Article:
First packaging-free store in Estonia opens in Pärnu

"Paljas pala" ("Bare product"), Estonia's first packaging-free store, preparing to open in Pärnu in May 2016. (Johanna Maria Tõugu/Paljas pala)
By Ester Vilgats
5/27/2016 8:52 PM
Category: News

Two young Pärnu residents recently opened Estonia’s first packaging-free store, where customers buying groceries and cosmetics must bring along their own appropriate bottles, jars, baggies or containers from home. If anyone forgets, however, they can purchase a container from the store if needed.

Estonia’s first packaging-free store “Paljas pala” — or Bare Product in English — only just opened its doors at the end of last week, but it has already been well received by shoppers, as it is unlikely that anyone can stand the heap of wrappers and packaging that accumulates at home after each trip to the store. The Pärnu store’s two young owners would like to prove, however, that things can be done differently, reported ETV’s nightly news broadcast “Aktuaalne kaamera.”

According to Johanna Maria Tõugu, owner of the packaging-free store, she had no choice but to open up such a shop. “This packaging thing really bothers me, and since this [package-free] movement with this kind of ideology doesn’t exist in Estonia, then I thought, I’ll do it myself then,” explained Tõugu.

She explained that she was inspired to open her shop by the packaging-free supermarket that opened in Berlin nearly two years ago — the first of its kind in Germany. “When I heard about that, I thought that clearly it was possible then,” noted the new store owner.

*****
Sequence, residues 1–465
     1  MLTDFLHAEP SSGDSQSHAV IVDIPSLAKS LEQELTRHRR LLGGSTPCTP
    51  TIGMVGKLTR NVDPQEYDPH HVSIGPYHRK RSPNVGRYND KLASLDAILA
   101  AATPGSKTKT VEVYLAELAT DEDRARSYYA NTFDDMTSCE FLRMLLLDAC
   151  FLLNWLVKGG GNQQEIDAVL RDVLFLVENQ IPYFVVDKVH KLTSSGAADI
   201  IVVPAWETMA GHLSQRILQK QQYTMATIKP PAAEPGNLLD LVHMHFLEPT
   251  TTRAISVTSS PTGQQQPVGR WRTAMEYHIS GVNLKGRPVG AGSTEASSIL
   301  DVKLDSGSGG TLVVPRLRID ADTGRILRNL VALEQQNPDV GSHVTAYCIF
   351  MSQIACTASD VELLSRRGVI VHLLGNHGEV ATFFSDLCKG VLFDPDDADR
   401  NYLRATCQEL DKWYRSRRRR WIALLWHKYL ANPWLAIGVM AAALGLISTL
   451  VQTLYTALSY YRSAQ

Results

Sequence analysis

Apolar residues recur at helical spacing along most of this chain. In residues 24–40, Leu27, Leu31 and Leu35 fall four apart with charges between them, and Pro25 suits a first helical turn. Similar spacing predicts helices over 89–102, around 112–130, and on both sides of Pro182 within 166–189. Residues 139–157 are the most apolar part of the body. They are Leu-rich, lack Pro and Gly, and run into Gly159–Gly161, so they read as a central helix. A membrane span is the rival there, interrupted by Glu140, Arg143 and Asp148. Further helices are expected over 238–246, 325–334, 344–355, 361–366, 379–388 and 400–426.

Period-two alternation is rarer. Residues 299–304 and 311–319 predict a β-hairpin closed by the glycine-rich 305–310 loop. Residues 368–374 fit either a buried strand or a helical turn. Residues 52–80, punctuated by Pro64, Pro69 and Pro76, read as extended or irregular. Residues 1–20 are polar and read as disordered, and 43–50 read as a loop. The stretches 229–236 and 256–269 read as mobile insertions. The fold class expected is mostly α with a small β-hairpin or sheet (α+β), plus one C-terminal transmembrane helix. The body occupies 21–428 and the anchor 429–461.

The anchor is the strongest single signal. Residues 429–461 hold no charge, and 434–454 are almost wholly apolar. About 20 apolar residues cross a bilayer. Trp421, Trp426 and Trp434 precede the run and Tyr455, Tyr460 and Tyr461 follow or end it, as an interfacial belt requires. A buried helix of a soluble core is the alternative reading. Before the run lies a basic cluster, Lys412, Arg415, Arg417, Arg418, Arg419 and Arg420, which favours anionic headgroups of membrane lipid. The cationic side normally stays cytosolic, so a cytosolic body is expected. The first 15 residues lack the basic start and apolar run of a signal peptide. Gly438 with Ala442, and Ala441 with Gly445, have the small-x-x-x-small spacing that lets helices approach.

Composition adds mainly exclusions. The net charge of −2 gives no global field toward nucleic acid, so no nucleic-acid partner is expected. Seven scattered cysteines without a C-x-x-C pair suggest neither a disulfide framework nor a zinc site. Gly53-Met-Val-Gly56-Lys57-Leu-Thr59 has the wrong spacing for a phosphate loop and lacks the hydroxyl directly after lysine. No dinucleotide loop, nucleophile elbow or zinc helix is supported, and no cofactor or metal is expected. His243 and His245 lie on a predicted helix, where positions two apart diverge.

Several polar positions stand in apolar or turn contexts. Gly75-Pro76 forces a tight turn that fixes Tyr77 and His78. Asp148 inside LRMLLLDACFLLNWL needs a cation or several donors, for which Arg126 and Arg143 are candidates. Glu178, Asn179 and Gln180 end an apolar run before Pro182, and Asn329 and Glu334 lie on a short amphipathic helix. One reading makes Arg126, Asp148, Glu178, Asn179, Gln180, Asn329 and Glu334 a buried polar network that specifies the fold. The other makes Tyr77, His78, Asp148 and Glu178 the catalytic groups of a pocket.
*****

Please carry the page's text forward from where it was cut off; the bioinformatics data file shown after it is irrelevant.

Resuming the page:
While Tõugu is still a high school student, co-owner SiIver Smeljanski has already graduated from university. He is the one responsible for making sure that business at the store gets off to a good start. First he had to take out a loan from the bank, and then of course find businesses who would supply them with goods.

“When we talk with small businesses, then they’re actually very pleased, as packaging is an expense for them,” explained Smeljanski. “In that case it’s more reasonable to package [goods] in bigger quantities — then there is only one package. It’s more difficult with mass producers, as everything comes off the line and machines do all the packaging.”

That the store is packaging-free does not necessarily automatically make it an “eco shop,” although the store does also sell eco-friendly products. In any case, shoppers are pleased with the new store, as it embraces a new way of thinking and offers shoppers a variety of fresh Estonian products.

Editor: Aili Sarapik

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